Large gaps exist between the mathematical toy problem discussed in this study and the existing mixing problems in the industrial processes. However, the results of this study indicate some directions overcoming these gaps. First, we discuss the implications of this study to turbulent mixing. Turbulence comprises multiscale counterrotating pairs of coherent vortices^{20}, and strong turbulent mixing stems from the effective mixing around such pairs of vortices at each scale^{1}. As observed in the transfer learning method, scalar mixing occurs from larger to smaller scales. Since the time scale of turbulent mixing is shorter for smaller scales, the total mixing efficiency is determined by the mixing at the largest scale. Thus, measuring the velocity and scalar field at the largest scale may be sufficient for the proposed training method. Despite the significant gap between laminar and turbulent mixing, the insights from the present study will be useful for training mixers with turbulent flows.
In addition, in industry, the multiphase and/or thermal flows with chemical reactions may have to be considered, which increases the complexity of the flow dynamics. In such cases, embedding prior knowledge, such as the evolution equations or some physical constraints into the RLbased optimization may be effective, as discussed in Brunton^{11}. As another future task for the RLbased optimization in industrial mixing problems, it will be important to study the robustness of the mixing control with the obtained policy with respect to changes in the initial scalar field. Furthermore, whereas the deep Q network is employed as the first step in this study, a more specific and stateoftheart implementation of the RL algorithm would be necessary for such complex flows. Extending the proposed method to incorporate knowledge on fluid mechanics and suitable RL implementation techniques can further enhance mixing even in industrial processes with laminar and turbulent flows.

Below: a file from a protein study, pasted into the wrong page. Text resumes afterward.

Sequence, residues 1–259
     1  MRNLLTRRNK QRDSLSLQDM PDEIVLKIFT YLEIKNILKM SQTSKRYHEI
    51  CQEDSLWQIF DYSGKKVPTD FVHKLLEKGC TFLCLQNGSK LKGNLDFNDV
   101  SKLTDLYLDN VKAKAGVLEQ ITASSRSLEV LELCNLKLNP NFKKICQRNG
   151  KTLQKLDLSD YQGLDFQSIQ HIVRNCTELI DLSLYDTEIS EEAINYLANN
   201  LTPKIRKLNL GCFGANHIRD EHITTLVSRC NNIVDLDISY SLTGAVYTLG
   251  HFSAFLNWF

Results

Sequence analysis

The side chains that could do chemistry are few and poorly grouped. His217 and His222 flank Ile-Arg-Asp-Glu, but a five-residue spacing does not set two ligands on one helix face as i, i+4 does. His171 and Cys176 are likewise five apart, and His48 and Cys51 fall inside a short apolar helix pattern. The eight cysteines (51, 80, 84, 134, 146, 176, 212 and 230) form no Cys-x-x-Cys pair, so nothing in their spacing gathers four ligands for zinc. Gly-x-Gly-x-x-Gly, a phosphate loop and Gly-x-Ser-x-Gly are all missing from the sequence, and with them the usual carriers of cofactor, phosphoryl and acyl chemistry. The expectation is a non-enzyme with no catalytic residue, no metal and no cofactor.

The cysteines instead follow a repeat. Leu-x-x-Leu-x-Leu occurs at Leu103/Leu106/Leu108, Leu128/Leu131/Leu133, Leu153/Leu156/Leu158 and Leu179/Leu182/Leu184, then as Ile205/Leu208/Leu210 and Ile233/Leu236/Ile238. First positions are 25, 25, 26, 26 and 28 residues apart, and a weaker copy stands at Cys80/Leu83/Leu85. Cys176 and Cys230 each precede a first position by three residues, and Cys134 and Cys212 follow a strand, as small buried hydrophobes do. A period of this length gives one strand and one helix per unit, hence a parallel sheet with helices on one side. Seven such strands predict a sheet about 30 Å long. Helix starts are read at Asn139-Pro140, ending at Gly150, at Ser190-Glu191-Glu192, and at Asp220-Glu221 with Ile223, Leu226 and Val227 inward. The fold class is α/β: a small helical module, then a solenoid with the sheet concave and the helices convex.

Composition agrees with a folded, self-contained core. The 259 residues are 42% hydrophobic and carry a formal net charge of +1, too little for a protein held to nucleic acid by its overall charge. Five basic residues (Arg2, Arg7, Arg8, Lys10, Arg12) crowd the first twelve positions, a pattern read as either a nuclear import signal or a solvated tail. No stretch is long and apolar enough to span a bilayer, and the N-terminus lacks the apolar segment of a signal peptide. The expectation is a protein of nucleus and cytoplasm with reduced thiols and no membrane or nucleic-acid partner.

Data availability
The datasets used and/or analyzed during the current study are available from the corresponding author on reasonable request.
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Acknowledgements
This work was partially supported by JSPS GrantinAid for EarlyCareer Scientists No. 19K14591 and JSPS GrantsinAid for Scientific Research Nos. 19KK0067, 20H02068, 20K20973, and 22K03420.
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M.K. and M.I. conceived and conducted the numerical experiments; M.K., M.I, and S.G. analyzed the results. All authors reviewed the manuscript.
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Konishi, M., Inubushi, M. & Goto, S. Fluid mixing optimization with reinforcement learning. Sci Rep 12, 14268 (2022). https://doi.org/10.1038/s41598022180377
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DOI: https://doi.org/10.1038/s41598022180377